Three out of four ambulance staff are at “breaking point”, suffering low morale and calling for better protective equipment, a new study suggests.
The GMB union said almost two out of three of 2,000 of its members surveyed said they believed their PPE should be upgraded.
Three out of four respondents said ambulance workers were at “breaking point”, with the crisis much worse than when the lockdown first started last March.
The responses included:
– “People are dying waiting for ambulances whilst crews are stuck at hospital with Covid-confirmed patients.”
– “We had a taxi pull up in an ambulance bay with a dead male while his wife was shouting for help.
– “It’s very scary for us all.”
“In 24 years in the ambulance service I’ve never ever seen staff sat on station at the start of the shift so frightened (almost to tears) to go out on an ambulance.”
“Staff overwhelmed – calls waiting are in their hundreds for hours on end with little or no resources to send.”
Something has to give
GMB national officer Rachel Harrison said: “This cannot go on – something has got to give.
“Ambulance staff are going off sick in droves while the service collapses around them, despite their heroic efforts.
“A massive 93% are crying out for better protection, the PPE they are given just isn’t fit for purpose, and is a massive factor in why the situation is so desperate.
“Ambulance PPE needs addressing urgently or more people will die unnecessarily, including our ambulance workers.”
A Department of Health and Social Care spokesman said: “The safety of NHS and social care staff including paramedics has always been our top priority and we continue to work round the clock to deliver PPE that helps protect those on the front line.
“Guidance on the safest levels and standards of PPE is written by experts and agreed by all four UK chief medical officers.
“Our guidance is kept under constant review based on the latest evidence.”
On 14th Jan a hospital in London was having to return patients to waiting ambulances after procedures due to an “overwhelming” number of coronavirus patients, a frontline doctor has said.
The doctor, who asked to remain anonymous, told the PA news agency that “significant patient harm” was occurring as a result of a lack of available beds, with A&E staff forced to treat other patients in the vehicles outside.
“It’s not the fault of the staff, but the sheer numbers are so unprecedented and being full like this means that you just have to do your best to adapt. But it’s not the standard (of care) I signed up to,” he said.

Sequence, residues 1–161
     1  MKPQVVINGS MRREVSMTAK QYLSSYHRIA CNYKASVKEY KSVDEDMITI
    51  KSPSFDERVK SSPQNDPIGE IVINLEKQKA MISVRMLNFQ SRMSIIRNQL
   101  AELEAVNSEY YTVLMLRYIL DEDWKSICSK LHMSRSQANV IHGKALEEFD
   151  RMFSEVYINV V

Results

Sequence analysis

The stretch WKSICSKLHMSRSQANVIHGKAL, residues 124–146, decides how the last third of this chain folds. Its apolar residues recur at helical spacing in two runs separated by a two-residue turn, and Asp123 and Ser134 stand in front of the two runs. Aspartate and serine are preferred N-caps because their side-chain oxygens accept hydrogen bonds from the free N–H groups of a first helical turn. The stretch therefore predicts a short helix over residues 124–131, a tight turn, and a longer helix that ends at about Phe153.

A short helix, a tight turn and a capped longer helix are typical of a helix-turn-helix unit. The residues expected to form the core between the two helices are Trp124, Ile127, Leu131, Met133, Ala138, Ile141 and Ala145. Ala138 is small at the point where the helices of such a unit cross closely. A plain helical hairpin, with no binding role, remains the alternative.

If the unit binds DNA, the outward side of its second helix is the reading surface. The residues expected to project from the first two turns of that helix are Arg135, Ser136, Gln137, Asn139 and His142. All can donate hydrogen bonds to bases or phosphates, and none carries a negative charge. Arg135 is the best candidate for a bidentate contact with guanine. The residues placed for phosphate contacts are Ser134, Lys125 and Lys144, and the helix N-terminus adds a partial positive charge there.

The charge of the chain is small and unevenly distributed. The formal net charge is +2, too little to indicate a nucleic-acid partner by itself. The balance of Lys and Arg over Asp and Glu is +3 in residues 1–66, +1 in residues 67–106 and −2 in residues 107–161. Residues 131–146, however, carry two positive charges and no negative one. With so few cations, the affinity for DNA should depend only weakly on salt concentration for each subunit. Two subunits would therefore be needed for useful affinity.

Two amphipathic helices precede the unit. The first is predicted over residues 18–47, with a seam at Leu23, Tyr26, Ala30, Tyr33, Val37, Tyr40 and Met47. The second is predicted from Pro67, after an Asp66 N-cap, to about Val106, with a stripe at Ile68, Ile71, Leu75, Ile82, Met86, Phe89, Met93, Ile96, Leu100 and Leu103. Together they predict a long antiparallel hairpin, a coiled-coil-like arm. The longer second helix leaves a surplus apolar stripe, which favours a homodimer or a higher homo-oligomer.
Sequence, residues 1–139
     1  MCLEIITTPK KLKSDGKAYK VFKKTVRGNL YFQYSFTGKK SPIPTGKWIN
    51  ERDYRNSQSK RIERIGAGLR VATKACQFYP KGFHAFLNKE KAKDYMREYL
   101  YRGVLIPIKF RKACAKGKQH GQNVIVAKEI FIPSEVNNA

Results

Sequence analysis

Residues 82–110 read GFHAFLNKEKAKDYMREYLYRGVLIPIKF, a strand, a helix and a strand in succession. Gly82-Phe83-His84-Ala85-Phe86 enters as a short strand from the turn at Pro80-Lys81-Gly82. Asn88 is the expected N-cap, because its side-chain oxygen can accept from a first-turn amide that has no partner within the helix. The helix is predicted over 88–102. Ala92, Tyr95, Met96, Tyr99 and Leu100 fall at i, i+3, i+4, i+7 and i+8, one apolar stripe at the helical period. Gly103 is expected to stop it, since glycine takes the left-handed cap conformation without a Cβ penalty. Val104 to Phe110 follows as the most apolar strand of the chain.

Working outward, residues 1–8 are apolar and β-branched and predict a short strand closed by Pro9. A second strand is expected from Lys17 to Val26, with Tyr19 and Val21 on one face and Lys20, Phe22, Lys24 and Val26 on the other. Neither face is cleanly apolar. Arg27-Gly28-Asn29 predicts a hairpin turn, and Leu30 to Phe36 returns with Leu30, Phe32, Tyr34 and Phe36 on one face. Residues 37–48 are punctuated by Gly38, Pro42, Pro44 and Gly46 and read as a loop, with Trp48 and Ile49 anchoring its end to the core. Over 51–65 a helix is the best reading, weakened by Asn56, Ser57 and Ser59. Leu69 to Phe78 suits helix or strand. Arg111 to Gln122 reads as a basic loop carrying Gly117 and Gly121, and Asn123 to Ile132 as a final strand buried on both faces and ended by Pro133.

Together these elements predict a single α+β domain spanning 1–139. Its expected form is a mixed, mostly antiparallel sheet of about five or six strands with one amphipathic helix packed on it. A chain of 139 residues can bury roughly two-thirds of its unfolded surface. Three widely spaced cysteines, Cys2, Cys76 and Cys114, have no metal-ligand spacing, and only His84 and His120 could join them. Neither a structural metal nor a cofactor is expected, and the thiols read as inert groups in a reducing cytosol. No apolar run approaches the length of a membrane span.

“It’s extremely stressful for us to be doing our best but knowing that significant patient harm is happening because there isn’t space and the patient load is too high.”
Staff are “running” into ambulances to treat patients, he said, until space becomes available in A&E, but this limited much of the care they could provide.
He said: “Last week, I saw a patient in the back of an ambulance who had very low oxygen levels, and it became very clear he had heart failure, liquid was building up in their lungs and they were essentially drowning.
“So I had to walk them out of the ambulance, to an X-ray machine, they had their X-ray in the hospital and because there was no space we had to stretcher them back to the ambulance, even though they were in heart failure.”
With families unable to be in hospital, he is now making two or three phone calls per shift to discuss end of life care with relatives.
He worked a shift finishing at 8pm on New Year’s Eve and said he felt “sick” to his stomach seeing party-goers on the Tube home.
He said: “On the Tube, there were lots of people wearing glittery outfits. I felt so upset because I know they are not wearing those outfits to go shopping, they are going to a party.
“I felt so upset because I’ve been fighting all day and it didn’t seem to matter to them. They were going to pretend it wasn’t happening.”
Staff shortages have hit hospitals hard, but the London doctor said this was not always due to Covid, with some staff being signed off sick with PTSD, depression and anxiety.
He said: “I know ICU nurses who can’t go to work because they can’t sleep.”
However, amid the “overwhelming” patient numbers, he said staff desperately try to make sure loved ones get time with their relatives before they die.
“There was an elderly man I knew was going to pass away from Covid, and I contacted his daughter — she wasn’t aware he had even been brought to hospital,” he said.
“She asked if she could bring in a little glass of whiskey and have it with him, and I said that was a good idea.
“I don’t know why it hit me so hard, but she came in, and they had a whiskey together and by the time she’d come out, he passed away.
“Somehow amidst all the horrible things going on, we somehow made sure she had that moment which was very important.”